What is it to be European? The new constitution for Europe seeks to define the EU's competencies, but also the very nature of what constitutes European belonging.
The long-standing "Idea of Europe," which the new draft constitution emphatically endorses, defines Europeanness according to four myths of origin -- the rule of Roman law, solidarity based on Christiutuality, liberal democracy rooted in the rights and freedoms of the individual and commonality based on reason and other Enlightenment universal principles.
It is worth asking if this model of belonging makes sense in a multicultural and multi-ethnic Europe. This is not to question the intrinsic merits of the core values but to cast doubt on their power to fire the imagination and loyalty of a very large section of European society.
Europe is now home to millions of people from non-European backgrounds, many religious and cultural dispositions and many networks of attachment based on diaspora connections and cultural influences from around the world. Europe is as much a site of longings rooted in tradition -- regional, national and European -- as it is a site of trans-national and trans-European attachments.
The latter attachments are not just held by so-called third country communities and cosmopolitans living in the fast lane of global travel and hybrid identities, but also by native Europeans, now increasingly enmeshed in plural and global consumption norms and patterns. Slowly, Europe is becoming Chinese, Indian, Romany, Albanian, French and Italian, Christian, Islamic, Buddhist or New Age, American, Disneyfied, one-earth conscious, ascetic and locally communitarian. It is becoming a place of plural and strange belongings. It is constantly on the move in cultural terms.
The new and ever-changing yearnings for cultural difference and distinction within Europe make the old Idea of Europe a blunt instrument for unity. A new concept of European belonging is needed, one that acknowledges cultural difference without assuming any order of worth based on ethnicity or religion, and one able to forge a new commonality of values and principles that resonate across Europe's diverse communities.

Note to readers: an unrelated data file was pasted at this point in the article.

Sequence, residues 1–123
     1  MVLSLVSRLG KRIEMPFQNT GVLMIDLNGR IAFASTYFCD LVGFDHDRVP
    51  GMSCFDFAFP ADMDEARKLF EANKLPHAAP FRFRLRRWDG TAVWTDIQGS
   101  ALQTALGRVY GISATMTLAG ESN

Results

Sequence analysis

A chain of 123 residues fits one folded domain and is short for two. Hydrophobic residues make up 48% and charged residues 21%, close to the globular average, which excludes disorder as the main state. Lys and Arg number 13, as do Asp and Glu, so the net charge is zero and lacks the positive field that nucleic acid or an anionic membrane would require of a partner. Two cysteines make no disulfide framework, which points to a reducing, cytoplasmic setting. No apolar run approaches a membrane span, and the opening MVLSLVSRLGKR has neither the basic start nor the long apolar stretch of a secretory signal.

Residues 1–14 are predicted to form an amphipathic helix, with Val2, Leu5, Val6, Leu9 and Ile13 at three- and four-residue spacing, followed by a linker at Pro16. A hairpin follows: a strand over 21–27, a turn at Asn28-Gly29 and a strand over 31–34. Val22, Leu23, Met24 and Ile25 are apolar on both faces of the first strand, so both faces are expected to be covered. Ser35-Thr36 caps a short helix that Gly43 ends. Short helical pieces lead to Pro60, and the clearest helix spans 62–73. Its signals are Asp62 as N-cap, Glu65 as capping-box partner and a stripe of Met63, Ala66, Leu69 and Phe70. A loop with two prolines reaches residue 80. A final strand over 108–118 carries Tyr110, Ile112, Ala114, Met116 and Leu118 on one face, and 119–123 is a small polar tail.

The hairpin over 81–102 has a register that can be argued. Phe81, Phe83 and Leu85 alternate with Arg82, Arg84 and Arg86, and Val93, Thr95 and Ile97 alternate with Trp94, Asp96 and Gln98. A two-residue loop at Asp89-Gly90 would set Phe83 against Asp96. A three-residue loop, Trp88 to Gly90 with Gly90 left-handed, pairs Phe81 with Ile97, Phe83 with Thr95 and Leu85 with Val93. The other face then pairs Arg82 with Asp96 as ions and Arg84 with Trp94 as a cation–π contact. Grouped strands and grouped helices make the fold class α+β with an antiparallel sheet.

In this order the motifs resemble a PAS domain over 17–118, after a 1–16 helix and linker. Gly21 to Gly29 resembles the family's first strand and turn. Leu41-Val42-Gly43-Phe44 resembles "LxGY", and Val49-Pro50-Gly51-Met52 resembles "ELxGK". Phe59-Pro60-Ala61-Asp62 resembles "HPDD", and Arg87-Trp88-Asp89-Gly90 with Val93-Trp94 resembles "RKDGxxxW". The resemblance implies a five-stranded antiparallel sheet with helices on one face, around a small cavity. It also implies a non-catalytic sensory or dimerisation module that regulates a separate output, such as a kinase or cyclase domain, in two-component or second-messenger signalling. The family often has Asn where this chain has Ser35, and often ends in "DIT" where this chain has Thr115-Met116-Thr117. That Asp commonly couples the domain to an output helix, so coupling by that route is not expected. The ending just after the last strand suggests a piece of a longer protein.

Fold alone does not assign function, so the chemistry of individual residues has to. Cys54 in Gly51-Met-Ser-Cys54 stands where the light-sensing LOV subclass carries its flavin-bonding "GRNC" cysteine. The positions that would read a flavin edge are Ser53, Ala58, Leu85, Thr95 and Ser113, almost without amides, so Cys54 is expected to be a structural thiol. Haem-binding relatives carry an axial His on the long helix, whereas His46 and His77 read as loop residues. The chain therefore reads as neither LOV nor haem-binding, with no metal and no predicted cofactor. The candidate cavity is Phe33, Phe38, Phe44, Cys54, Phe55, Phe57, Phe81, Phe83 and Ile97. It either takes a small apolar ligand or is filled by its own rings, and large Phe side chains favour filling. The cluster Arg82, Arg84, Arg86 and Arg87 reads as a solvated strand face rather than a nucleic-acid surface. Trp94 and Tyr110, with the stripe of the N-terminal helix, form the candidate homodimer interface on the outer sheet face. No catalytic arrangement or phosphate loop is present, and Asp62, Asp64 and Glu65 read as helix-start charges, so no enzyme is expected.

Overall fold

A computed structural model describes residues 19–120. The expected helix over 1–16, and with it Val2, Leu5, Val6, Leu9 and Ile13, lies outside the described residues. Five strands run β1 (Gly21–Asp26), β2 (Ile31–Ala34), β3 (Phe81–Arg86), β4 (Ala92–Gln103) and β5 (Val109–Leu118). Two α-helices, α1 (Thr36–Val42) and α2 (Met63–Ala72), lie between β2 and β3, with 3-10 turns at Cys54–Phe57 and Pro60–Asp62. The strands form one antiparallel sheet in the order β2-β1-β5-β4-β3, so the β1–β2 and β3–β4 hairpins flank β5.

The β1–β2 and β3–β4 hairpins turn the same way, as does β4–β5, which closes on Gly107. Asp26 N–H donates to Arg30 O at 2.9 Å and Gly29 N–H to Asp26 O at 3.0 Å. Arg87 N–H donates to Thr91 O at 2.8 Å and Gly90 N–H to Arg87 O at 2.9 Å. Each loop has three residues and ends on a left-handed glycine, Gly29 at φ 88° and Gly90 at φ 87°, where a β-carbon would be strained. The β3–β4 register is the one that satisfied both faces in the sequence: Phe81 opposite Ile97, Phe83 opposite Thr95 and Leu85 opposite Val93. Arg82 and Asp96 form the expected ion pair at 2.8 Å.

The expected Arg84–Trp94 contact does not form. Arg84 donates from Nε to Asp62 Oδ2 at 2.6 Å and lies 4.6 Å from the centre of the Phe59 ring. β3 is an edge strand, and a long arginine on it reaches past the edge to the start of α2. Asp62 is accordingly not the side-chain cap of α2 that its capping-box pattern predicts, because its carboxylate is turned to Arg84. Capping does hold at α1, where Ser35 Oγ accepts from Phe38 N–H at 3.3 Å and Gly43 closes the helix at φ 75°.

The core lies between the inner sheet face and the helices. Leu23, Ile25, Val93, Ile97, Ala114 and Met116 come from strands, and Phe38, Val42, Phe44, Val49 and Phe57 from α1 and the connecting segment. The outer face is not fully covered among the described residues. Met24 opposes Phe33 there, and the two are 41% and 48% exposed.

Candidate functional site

For this reason, the starting point cannot be the Europeanness of Europe, for example, long-standing concepts such as universal reason, Catholic piety or the Protestant work ethic. A possible starting point, which happens to dig deep into European philosophical thought, is publicity for empathy and engagement with the stranger as the essence of what it is to be European. This signals an ethos of being and belonging that builds on the Socratic definition of freedom as the product of dialogue and engagement, rather than pre-given judgments of worth.
Two important principles for a new Idea of Europe spring out of this interpretation of what it is to be free. The first is the principle of hospitality, which the philosopher Julia Kristeva has linked etymologically to the original Greek definition of ethos as the habit of regular stay or shelter.
In a Europe in which we all will be strangers one day as we routinely move -- virtually or physically -- from one cultural space to another, the principle of refuge will become crucial for many more than the minorities that at present need protection from persecution and hardship. One hopes the rights and protections that come with an ethos of hospitality will offer more than the grudging concessions made to people such as refugees, immigrants and asylum seekers.